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Front Page: Congress May Add Stimulus, South Africa's Mbeki Resigns, Militants Kidnap 155 in Afghanistan

Front Page: Congress May Add Stimulus, South Africa's Mbeki Resigns, Militants Kidnap 155 in Afghanistan

  • Congress May Add Stimulus:
    Congress is likely to raise the cost of the $700 billion rescue deal by adding more economic stimulus for taxpayers, according to Chairman of the House Financial Services Committee Barney Frank. The cost of the current plan could reach $1 trillion. Senate Banking Chairman Chris Dodd urged caution this morning and praised Treasury Secretary Henry Paulson as "the right man."
  • South Africa's Mbeki Resigns:
    South Africa's President Thabo Mbeki resigned yesterday after his political party demanded that he step down. He gave a brief speech saying, “I would like to say that gloom and despondency have never defeated adversity. Trying times need courage and resilience.” Mbeki has been temporarily replaced by Kgalema Motlanthe.

  • Militants Kidnap 155 in Afghanistan:
    Three buses carrying Afghan laborers were stopped by militants and all 155 people on board were kidnapped. No one has yet claimed responsibility and the Interior Ministry spokesman says, "What demand might they have from the government? They are poor and innocent laborers who are traveling far distances for work." Though kidnappings and ransoms are routine in Afghanistan, this instance is the first time militants have attempted to abduct and hold such a large group.

    Source

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ilanac13 ilanac13 7 years
see all these mortgage bailouts really upset me since i had to bust my butt to get one on a place that i CAN afford and with the way that the economy is going, i have a feeling that i'm going to be in a sucky place in a few years. i'm all for helping the economy if there's a way to do it but i think that a LOT of people wanted to get more than they could realistically get and they were greedy and that's how everything went downhill. i don't think that it should be our responsibility to pay for their mistakes...what kind of example are we setting for our children when things like this happen? we all grew up in a time that aside from a recession in the 80's, we've had stability. people understood that you can't really expect to make money THAT fast or have things that you can't afford THAT easily without consequence, and this is EXACTLY what the youngest generation is going to see. they will see that the federal reserve will bailout people who stretch themselves too far and that's not really a lesson that should be taught.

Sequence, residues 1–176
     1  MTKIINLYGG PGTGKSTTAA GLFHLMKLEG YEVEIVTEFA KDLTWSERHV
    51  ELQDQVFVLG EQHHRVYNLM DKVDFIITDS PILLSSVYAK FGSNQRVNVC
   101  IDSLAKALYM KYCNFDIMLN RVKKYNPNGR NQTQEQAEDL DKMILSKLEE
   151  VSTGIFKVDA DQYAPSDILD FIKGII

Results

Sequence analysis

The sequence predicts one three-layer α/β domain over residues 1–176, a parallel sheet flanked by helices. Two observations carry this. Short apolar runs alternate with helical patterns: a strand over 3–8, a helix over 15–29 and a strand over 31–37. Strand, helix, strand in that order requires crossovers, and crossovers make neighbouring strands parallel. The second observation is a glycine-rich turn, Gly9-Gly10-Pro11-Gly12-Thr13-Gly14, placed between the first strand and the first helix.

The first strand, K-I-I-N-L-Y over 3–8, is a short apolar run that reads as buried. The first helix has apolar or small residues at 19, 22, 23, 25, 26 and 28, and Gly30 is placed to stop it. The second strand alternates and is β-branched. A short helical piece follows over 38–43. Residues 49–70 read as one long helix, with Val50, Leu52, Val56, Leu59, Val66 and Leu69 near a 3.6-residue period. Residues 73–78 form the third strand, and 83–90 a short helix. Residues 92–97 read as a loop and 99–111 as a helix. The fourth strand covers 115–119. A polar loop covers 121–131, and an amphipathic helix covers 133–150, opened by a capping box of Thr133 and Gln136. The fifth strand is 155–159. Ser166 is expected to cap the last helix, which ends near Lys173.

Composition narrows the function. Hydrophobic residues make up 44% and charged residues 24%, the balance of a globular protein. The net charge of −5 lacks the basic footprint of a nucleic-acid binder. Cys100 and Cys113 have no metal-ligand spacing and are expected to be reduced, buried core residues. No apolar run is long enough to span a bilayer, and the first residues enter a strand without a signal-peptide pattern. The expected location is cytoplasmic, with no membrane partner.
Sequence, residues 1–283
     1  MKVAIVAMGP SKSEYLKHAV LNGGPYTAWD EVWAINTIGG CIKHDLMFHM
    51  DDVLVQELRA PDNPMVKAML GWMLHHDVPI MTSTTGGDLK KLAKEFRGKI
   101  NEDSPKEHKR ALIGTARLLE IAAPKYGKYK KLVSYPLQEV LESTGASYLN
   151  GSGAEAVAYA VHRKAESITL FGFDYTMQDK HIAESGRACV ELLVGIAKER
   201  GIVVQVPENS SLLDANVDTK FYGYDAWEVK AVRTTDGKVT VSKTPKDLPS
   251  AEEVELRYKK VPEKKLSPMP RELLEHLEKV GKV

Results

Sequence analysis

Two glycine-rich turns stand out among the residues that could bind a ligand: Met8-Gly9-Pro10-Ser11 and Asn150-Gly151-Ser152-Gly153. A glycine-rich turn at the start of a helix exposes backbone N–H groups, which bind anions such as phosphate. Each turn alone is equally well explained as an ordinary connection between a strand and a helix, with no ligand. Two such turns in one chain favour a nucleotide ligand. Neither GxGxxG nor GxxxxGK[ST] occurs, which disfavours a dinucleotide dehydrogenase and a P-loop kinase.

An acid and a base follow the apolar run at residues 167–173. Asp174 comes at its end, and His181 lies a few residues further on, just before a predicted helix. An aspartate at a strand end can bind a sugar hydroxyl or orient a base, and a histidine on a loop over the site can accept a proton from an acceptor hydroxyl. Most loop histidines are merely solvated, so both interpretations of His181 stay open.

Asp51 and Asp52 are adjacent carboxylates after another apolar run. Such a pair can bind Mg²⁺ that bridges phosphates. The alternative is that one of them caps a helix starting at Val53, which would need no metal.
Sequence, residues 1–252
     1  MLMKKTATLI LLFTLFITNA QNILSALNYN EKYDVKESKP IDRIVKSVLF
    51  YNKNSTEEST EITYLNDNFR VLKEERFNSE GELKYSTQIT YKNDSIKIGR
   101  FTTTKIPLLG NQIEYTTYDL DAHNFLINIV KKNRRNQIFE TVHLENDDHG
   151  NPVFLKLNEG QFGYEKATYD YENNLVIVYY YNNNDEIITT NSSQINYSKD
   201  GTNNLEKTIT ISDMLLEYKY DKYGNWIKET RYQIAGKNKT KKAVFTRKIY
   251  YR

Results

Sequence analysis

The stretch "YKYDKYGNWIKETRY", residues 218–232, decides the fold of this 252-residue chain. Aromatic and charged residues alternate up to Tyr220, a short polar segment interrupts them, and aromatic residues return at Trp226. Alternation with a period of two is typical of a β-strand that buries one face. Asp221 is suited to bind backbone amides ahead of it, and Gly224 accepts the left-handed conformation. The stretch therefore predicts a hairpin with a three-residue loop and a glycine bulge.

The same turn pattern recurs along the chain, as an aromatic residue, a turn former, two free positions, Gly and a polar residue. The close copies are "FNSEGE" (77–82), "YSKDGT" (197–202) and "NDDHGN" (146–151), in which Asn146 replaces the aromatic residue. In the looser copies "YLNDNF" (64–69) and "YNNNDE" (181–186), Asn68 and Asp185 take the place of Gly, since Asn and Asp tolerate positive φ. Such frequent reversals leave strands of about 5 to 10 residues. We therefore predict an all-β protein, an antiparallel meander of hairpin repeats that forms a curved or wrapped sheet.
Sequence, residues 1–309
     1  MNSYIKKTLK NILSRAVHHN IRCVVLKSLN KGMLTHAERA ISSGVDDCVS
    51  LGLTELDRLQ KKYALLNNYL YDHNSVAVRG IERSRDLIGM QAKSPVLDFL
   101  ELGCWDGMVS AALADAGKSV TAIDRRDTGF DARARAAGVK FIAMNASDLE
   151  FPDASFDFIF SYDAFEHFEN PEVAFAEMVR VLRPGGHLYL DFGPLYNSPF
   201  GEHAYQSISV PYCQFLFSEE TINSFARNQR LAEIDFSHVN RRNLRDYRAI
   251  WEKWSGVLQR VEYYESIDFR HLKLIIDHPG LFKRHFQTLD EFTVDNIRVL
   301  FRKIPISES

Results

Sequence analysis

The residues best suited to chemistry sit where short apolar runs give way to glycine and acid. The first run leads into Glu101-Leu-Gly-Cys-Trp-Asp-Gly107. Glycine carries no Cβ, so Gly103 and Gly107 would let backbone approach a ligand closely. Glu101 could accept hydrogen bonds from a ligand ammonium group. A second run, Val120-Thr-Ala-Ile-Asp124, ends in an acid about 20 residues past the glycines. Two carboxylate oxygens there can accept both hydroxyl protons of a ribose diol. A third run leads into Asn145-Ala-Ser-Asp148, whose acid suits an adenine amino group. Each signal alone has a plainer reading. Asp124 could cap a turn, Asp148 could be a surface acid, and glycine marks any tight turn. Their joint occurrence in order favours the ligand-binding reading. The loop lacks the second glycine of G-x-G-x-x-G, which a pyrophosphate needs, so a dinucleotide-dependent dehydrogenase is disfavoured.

ilanac13 ilanac13 7 years
see all these mortgage bailouts really upset me since i had to bust my butt to get one on a place that i CAN afford and with the way that the economy is going, i have a feeling that i'm going to be in a sucky place in a few years. i'm all for helping the economy if there's a way to do it but i think that a LOT of people wanted to get more than they could realistically get and they were greedy and that's how everything went downhill. i don't think that it should be our responsibility to pay for their mistakes... what kind of example are we setting for our children when things like this happen? we all grew up in a time that aside from a recession in the 80's, we've had stability. people understood that you can't really expect to make money THAT fast or have things that you can't afford THAT easily without consequence, and this is EXACTLY what the youngest generation is going to see. they will see that the federal reserve will bailout people who stretch themselves too far and that's not really a lesson that should be taught.